26 religious groups qualify under VU 'all-comers' policy; 14 'unwilling or unable'

Thursday, April 19, 2012 at 1:38pm
Staff reports

The student organization registration process at Vanderbilt University ended this week with more than 400 student groups registering in compliance with the school’s nondiscrimination policy, according to a release from the university.

Registration for the 2012-13 academic year ends during a week in which some, both inside and outside of the Vanderbilt community, have again raised opposition to the school’s policy.

In a release Wednesday, university officials state that 26 religious student groups have qualified as registered student organizations while currently 14 other religious organizations have said they are unwilling or unable to comply with the nondiscrimination policy.

Questions about how the university’s nondiscrimination policy impacts student organizations arose last year — and led to a contentious town hall meeting earlier this year — after a member of a registered student organization made an allegation of discrimination based on sexual orientation. As a result of that allegation, university administrators informed the student organizations of their need to comply with the university’s nondiscrimination policy.

The policy, according to school administration, requires that all Vanderbilt students must be eligible for membership in registered student organizations and that all members in good standing must be allowed to offer themselves for leadership positions — leaders are then chosen by the organizations.

“We are pleased that Vanderbilt continues to offer our students a wide variety of registered student organizations that represent the diversity of our students and their interests,” Provost and Vice Chancellor for Academic Affairs Richard McCarty said in a release. “It is reassuring that many of our current religious organizations understand that our nondiscrimination policy poses no threat to their religious freedom. All along, we have stressed that the policy is about rejecting discrimination and not about restricting religious freedom. We firmly believe the two principles can coexist on the Vanderbilt campus, and are gratified that many of our religious student organizations agree.”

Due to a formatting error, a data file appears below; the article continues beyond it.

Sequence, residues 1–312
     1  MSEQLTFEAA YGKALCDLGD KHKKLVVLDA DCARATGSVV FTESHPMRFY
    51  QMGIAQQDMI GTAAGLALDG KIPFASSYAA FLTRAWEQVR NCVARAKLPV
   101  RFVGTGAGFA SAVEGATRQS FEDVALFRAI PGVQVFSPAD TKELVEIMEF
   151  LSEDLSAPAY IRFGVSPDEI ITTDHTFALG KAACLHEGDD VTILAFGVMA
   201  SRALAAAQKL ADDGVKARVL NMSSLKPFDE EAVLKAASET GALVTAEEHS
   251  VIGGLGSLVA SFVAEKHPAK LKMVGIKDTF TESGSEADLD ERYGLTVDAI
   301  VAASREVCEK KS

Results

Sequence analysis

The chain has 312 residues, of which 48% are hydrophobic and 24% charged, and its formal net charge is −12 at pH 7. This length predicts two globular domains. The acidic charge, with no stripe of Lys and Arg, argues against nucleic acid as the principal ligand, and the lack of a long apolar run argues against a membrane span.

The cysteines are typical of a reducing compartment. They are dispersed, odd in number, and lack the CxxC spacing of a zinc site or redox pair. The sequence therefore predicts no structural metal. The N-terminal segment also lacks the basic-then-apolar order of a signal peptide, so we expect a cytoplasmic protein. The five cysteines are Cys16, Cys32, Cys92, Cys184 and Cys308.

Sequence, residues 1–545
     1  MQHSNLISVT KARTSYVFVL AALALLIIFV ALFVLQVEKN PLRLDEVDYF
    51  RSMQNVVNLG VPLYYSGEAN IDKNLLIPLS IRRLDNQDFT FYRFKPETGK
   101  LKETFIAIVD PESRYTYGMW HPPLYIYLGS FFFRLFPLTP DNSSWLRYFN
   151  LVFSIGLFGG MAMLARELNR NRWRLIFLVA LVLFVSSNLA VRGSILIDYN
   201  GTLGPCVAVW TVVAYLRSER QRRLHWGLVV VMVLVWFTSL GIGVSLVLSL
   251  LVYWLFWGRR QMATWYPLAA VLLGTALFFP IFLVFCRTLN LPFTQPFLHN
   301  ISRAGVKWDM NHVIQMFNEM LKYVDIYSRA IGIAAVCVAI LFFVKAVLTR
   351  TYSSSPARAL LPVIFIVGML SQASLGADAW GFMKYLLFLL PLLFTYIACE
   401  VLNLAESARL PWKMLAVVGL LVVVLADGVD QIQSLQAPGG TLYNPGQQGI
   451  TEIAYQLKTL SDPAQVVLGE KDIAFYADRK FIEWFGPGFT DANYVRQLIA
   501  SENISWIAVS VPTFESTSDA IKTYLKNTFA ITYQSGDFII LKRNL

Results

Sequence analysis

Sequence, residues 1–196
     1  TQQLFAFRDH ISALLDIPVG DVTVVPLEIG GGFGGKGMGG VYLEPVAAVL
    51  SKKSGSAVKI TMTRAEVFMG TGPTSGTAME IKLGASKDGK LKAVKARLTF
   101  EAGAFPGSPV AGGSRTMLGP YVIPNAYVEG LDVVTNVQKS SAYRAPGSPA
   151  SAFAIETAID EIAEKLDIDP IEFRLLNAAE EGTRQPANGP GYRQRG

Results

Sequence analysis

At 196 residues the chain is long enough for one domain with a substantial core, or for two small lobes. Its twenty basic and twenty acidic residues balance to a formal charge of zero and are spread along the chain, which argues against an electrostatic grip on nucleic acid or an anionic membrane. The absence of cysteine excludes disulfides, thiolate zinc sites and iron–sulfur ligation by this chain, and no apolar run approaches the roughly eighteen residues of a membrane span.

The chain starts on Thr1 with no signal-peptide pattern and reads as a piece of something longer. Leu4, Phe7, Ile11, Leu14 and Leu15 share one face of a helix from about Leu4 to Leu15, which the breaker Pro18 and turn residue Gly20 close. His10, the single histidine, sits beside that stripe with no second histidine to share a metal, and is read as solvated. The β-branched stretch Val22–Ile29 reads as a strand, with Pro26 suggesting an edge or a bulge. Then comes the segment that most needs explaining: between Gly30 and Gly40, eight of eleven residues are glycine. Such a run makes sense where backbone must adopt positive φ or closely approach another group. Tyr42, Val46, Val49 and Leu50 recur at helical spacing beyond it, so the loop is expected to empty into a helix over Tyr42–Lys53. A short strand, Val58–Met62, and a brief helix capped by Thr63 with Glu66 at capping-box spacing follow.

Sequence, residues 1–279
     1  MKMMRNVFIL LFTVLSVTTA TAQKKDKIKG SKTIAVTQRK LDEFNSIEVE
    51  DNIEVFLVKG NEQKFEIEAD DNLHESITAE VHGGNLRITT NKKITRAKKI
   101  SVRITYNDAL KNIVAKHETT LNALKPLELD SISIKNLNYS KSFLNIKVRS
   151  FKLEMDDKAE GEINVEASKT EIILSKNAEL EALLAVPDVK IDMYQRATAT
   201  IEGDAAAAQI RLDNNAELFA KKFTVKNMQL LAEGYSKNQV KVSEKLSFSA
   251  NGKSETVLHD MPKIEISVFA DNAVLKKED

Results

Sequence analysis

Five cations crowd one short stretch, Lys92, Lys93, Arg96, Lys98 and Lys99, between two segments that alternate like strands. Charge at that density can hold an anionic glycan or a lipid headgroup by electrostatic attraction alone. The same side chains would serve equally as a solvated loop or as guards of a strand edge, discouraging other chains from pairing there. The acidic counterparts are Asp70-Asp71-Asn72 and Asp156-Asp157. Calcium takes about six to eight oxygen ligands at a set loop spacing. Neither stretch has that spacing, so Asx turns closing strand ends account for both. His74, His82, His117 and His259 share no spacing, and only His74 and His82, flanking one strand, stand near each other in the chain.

The university has received a total of 469 submissions from student groups seeking registered student organization status. Some groups, which submitted applications with technical problems that are expected to be corrected, will be registered in the coming days. Although the official application deadline has passed, the Office of the Dean of Students has said it will continue to accept applications into the summer months.

8 Comments on this post:

By: LizzyD on 4/20/12 at 8:33

Do student organizations that are "registered" and approved by the University receive any financial "support," such as some portion of student activity fees?

By: oldbailey on 4/20/12 at 11:27

George Orwell could not have written a better example of doublethink than the Provost's absurd assertion ("It is reassuring that many of our current religious organizations understand that our nondiscrimination policy poses no threat to their religious freedom"). This whole episode has damaged Vanderbilt's reputation and standing with people of faith.

By: gabster1000 on 4/21/12 at 6:53

"As with the Christian religion, the worst advertisement for Socialism is its adherents."